In any half respectable pub in Galway,
and in Ireland the county of place
hardly matters, when enough pints
have been passed, and night
grows thick, even such as I, claiming
to be part Irish, claiming two left feet,
can feel the ceili deep within, and step out
on the floor to do what I think is a jig.
And when I am quite done, a fresh pint
of Guinness in hand, I can expect a clap
on the back from one and all, smiles
and the suggestion that I am probably Scottish.
None of this will matter the next morning,
as the fog lifts over the Claddagh, and
my brain, and I will write the evening off
as but one more joyous memory of home.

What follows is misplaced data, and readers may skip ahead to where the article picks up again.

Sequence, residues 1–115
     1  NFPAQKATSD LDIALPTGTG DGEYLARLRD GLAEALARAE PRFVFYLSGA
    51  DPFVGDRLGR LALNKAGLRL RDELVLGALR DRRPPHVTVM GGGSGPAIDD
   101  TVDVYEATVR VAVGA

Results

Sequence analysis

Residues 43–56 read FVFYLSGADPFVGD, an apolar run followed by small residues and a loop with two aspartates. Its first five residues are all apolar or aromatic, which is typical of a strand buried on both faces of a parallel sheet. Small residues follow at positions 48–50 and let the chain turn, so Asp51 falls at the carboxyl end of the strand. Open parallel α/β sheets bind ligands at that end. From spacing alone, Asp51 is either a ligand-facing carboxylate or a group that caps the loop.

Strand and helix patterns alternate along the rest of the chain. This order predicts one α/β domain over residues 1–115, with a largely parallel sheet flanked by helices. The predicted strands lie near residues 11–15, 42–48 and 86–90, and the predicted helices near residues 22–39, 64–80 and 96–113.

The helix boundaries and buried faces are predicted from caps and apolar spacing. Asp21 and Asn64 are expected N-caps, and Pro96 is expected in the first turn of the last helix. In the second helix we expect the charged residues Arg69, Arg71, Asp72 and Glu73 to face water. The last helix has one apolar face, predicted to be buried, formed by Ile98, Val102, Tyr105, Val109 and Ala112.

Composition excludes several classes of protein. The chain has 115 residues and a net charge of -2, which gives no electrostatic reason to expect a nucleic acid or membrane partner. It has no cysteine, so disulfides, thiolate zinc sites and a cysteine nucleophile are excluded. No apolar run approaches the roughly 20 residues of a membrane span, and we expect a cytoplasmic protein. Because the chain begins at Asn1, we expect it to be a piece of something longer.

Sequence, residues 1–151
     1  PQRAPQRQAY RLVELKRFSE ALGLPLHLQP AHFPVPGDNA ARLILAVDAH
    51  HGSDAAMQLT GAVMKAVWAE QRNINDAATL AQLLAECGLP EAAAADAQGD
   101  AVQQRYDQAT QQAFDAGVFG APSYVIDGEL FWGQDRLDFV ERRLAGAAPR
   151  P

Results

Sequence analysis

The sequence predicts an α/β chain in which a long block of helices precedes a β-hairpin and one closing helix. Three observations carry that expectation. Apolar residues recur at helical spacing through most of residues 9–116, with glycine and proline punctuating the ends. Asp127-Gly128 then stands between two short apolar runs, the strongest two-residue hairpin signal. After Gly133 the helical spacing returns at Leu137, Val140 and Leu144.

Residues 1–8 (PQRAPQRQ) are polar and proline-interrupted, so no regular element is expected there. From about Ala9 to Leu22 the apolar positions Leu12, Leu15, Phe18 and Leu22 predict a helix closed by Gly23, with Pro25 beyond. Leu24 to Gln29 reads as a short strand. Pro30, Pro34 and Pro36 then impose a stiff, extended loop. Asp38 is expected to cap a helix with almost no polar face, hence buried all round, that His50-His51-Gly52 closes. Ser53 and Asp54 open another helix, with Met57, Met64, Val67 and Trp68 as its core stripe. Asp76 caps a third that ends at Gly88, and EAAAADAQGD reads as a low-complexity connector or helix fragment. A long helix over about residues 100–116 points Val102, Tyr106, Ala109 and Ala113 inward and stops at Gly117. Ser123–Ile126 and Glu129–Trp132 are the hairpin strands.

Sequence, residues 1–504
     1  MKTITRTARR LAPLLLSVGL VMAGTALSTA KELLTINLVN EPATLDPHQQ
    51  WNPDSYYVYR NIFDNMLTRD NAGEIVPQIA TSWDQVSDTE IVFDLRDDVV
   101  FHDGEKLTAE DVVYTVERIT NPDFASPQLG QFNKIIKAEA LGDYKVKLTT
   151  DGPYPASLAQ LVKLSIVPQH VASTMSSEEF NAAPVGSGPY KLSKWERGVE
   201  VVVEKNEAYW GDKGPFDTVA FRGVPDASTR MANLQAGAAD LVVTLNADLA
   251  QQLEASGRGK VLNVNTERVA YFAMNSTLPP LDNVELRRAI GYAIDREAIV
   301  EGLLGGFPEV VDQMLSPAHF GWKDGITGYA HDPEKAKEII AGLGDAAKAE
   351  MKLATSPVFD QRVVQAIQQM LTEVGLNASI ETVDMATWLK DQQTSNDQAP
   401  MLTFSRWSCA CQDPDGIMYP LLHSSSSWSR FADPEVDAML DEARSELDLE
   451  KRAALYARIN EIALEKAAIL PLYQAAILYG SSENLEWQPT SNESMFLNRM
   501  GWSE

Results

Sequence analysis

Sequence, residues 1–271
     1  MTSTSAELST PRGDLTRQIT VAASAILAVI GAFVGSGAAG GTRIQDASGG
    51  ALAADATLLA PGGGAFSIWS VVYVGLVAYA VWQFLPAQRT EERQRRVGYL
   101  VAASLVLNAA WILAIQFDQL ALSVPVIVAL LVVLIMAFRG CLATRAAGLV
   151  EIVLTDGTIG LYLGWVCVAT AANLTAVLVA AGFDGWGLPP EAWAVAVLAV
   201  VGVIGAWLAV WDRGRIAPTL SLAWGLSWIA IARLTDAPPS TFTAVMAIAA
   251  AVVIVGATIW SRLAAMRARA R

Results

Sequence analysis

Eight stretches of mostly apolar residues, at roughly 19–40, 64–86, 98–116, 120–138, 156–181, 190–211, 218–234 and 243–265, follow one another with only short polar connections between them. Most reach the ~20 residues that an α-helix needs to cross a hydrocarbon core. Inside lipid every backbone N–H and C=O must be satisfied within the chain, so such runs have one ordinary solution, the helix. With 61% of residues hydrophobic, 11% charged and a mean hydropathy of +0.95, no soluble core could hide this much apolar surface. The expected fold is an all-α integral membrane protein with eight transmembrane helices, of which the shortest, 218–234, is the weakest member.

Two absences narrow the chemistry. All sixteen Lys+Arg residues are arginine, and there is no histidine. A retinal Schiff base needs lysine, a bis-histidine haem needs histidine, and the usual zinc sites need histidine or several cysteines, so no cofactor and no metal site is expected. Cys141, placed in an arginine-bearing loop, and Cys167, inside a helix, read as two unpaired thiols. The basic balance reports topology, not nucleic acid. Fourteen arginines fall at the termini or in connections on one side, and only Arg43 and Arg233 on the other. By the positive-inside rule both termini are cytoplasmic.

They were always almost mythological,
heroes of a people I could only
imagine as my own, knowing I came
from a far different place, one
of shtetls and pogroms, of seaside
villages, the beaches of Cascais.
It was half a lie, but I couldn’t
know it then, couldn’t guess
my dream was reality, my reality
a dream torn away by DNA.
In a moment my unknown Portuguese
father was unborn, replaced
by a faceless man of Celtic
soil who marched to the piper
highland or uillean, the bodhran,
who stood alongside Pearse
and Connolly, Bonnie Charlie,
and a century on, I’ll lift
a pint of Guinness in their honor,
take a wee dram of Talisker
and whisper Slainte to
the unknown generations
that brought me here.